Sorry for the length but we are at a bit of a loss, any input/advice would be great. Thanks
     
  2. JoanneF

    JoanneF PetForums VIP

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    She may well be anxious and taking the approach that attack is the best form of defence. And if that makes the perceived threat go away, it will be self re-inforcing. While she was with the pet sitter she may have felt that keeping her head down was the 'safest' thing for her to do.

    She will have an invisible radius of space around her where she feels secure . Find out what that is and keep her far enough away from other dogs that she is relaxed. Reward this calm behaviour. Gradually, over weeks and months, not days, work on reducing the distance. But - be aware that if your dog has had a stressful episode the stress hormone can stay in the body for up to 48 hours so a distance she was comfortable with the day before might be too close that day. So the safe distance can change, watch her body language.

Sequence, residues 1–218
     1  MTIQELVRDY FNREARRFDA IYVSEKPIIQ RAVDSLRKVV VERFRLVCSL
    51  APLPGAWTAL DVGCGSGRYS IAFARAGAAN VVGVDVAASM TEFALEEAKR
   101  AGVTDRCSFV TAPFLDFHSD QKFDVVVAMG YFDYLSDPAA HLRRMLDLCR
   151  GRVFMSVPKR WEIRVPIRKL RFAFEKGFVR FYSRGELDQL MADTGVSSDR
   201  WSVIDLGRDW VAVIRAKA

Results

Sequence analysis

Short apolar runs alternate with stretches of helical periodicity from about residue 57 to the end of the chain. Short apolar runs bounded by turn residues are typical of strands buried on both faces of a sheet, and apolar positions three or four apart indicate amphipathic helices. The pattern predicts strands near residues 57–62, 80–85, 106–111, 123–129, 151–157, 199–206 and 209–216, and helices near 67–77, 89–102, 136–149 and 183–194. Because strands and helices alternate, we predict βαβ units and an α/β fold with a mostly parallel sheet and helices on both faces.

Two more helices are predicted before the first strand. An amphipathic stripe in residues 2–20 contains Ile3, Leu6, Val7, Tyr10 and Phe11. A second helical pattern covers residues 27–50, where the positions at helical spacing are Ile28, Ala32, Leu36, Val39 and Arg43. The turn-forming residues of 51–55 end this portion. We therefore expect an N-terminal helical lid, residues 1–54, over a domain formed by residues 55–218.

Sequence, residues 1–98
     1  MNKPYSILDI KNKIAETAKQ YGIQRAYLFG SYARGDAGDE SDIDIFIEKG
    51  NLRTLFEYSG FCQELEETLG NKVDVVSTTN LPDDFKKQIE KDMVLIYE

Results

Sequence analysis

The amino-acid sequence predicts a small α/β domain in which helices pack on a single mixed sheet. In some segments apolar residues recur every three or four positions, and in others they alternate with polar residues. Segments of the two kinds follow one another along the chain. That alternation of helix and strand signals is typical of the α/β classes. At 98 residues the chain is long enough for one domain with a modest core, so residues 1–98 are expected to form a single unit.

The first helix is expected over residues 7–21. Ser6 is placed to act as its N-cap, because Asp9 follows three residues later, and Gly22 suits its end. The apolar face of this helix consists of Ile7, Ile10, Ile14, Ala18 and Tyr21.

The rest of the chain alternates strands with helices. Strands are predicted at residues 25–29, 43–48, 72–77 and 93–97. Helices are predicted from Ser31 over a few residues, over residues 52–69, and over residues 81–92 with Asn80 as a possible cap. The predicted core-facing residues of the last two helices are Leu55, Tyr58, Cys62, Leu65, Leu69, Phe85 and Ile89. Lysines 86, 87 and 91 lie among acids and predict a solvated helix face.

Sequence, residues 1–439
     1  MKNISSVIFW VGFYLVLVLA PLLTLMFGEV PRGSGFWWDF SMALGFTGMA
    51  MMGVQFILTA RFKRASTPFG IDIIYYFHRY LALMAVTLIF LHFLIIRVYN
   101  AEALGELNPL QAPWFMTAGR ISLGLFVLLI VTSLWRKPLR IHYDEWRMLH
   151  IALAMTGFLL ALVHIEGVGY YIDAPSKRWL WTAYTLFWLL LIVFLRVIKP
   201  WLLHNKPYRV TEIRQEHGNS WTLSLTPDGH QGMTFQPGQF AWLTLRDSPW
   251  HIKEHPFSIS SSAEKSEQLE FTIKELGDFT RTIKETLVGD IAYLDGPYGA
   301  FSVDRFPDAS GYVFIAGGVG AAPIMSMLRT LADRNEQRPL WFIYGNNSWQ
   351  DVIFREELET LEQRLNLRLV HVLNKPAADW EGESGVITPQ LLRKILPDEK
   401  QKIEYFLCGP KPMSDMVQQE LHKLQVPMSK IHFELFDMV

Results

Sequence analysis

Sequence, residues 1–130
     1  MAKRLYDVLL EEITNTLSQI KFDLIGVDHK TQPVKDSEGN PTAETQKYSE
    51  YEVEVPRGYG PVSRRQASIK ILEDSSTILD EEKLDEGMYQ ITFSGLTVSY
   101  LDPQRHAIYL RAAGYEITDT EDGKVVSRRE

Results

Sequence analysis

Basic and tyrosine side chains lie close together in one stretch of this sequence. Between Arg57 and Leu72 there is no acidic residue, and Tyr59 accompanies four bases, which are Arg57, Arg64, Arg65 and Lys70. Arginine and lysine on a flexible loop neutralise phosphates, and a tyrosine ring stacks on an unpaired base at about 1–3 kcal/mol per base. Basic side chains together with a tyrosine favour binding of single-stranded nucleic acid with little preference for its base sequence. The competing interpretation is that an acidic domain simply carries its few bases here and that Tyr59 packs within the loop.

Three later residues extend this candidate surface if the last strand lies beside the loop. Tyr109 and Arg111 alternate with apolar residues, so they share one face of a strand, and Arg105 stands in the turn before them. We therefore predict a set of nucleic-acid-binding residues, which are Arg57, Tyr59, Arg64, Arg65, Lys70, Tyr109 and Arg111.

Trainers describe behaviour like this with reference to the three Ds. Distance, as above but also be aware of Duration (your dog might be tolerant for 10 seconds, but not 15) and Distraction - how distracting the stimulus is; a calm dog might not trigger any reaction at a given distance but a bouncy one might.

    Alongside that you could train a 'watch me'. As your dog looks at you, mark and reward the behaviour. Ask for longer periods of watching. Then if a dog approaches, after you have worked on the distance issue, you can get your dog to focus on you and not the other dog. BUT - some dogs find this scary as they cannot see the thing they are anxious about so you need to judge your dog.